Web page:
Interview with Marian Wright Edelman
QUESTION 2
HENRY HAMPTON:

OK, Mississippi had, had problems. In Mississippi what was left behind after everyone left in the summer of '64?

MARIAN WRIGHT EDELMAN:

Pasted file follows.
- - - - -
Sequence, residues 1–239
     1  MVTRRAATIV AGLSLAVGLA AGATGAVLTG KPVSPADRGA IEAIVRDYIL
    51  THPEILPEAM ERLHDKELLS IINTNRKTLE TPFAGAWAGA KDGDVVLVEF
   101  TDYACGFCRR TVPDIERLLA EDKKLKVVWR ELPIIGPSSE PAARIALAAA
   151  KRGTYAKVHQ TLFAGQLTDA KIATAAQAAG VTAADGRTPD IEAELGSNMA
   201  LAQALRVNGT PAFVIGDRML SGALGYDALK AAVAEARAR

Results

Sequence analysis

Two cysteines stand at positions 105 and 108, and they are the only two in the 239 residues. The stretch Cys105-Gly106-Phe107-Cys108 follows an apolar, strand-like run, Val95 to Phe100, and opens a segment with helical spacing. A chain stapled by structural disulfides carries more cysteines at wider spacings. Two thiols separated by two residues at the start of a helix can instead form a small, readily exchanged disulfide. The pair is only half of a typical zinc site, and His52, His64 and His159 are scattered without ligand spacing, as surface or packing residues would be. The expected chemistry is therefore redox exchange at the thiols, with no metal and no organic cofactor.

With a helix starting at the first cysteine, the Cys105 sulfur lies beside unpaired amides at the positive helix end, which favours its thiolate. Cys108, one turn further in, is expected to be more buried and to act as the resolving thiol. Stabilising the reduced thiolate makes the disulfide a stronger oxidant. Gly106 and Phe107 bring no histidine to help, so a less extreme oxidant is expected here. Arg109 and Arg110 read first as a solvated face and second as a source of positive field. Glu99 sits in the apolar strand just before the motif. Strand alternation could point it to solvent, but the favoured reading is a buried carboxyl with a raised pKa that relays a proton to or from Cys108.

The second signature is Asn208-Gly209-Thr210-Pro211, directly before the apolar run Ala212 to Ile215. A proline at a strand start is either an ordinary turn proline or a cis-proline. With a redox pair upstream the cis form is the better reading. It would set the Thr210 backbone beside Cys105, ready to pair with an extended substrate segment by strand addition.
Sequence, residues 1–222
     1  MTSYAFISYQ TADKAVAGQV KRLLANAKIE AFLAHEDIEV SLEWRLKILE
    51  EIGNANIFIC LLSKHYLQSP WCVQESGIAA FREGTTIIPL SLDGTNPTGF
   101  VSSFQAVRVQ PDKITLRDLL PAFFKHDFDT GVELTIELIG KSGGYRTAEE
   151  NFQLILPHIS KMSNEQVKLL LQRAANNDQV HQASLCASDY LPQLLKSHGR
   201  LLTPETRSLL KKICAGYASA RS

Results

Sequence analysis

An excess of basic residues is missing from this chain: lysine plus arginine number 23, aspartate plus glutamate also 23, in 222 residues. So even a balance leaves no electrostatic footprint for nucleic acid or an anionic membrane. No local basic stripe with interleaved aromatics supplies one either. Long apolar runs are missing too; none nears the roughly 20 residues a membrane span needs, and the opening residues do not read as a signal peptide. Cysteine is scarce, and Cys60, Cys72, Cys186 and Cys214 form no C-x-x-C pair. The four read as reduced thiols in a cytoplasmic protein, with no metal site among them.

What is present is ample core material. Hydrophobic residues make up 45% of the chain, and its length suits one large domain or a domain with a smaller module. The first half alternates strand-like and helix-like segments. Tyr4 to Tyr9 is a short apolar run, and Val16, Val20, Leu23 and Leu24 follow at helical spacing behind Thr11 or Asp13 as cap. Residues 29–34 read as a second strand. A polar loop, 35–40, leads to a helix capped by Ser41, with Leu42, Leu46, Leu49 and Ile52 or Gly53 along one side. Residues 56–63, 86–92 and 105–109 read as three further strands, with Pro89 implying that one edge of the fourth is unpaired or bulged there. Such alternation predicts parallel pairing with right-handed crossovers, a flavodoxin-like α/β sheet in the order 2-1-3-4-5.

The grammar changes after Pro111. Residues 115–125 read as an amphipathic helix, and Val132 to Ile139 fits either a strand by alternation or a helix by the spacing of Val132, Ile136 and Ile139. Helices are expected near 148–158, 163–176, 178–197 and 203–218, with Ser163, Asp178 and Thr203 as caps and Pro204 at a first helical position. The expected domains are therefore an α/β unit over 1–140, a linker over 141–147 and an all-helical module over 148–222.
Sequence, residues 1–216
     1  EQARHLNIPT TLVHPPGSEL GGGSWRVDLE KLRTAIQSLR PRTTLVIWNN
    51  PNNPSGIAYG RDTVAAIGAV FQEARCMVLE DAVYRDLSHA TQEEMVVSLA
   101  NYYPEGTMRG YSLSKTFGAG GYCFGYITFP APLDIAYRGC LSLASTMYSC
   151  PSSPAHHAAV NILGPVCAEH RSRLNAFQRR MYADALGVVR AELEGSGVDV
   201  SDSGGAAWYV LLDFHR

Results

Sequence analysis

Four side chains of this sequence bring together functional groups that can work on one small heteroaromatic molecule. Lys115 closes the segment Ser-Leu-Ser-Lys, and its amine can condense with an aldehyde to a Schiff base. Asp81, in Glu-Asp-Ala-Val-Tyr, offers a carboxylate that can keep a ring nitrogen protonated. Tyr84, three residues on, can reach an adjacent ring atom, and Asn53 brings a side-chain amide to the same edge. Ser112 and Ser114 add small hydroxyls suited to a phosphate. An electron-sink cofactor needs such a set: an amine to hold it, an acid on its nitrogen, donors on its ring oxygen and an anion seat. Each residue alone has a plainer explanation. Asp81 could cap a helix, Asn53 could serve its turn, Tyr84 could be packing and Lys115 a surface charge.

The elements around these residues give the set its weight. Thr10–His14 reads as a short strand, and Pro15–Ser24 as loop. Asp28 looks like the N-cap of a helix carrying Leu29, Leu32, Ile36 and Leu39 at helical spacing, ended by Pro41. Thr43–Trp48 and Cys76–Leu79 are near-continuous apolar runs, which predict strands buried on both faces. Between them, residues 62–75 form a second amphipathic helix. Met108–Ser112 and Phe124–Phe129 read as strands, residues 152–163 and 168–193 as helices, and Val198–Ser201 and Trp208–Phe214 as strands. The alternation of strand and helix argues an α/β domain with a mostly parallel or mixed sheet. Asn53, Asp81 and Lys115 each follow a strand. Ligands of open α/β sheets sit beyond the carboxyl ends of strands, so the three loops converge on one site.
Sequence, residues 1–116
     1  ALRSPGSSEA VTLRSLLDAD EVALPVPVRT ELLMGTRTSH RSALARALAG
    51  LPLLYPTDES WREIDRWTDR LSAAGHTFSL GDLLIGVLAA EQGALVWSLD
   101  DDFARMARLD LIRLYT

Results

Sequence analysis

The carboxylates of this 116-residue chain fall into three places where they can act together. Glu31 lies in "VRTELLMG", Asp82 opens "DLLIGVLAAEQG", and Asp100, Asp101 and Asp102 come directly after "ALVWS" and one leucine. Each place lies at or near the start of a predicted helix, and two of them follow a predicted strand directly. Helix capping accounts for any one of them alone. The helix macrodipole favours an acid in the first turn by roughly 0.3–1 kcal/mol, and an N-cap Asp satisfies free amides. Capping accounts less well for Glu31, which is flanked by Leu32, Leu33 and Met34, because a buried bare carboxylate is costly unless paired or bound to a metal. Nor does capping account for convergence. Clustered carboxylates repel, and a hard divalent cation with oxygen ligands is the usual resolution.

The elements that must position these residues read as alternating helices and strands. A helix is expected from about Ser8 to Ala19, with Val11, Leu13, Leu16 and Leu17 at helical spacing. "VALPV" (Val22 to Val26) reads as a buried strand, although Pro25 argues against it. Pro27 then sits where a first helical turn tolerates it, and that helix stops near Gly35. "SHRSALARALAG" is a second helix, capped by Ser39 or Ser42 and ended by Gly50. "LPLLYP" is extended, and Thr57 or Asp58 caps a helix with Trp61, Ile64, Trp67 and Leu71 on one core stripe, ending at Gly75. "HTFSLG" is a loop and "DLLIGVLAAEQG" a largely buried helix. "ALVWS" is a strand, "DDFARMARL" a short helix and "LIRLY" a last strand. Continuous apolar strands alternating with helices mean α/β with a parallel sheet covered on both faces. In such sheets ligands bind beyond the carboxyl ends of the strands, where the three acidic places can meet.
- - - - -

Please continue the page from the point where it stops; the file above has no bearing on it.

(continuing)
Well in Mississippi what was left behind were those extraordinary poor Blacks and Whites, ah, but extraordinary poor Blacks who had, ah, done such, ah, heroic things to tear down the wall of legal segregation, ah, during those hot months of the summer of '64 and before and afterwards. But they were left without a means there. They were left without enough food to eat. They were left without decent places to stay. They were left without the means to walk through the doors that had been opened by the extraordinary struggles in the courts and in the, the national legislature, in the congress, ah, and by our lawsuits and by our volunteer lawyers and by our White students from outside and the real question that was left in 1965 was how would they live, how would they eat, how would their children be fed and clothed, how would they be able to take advantage of the very narrow openings in the door of legal segregation.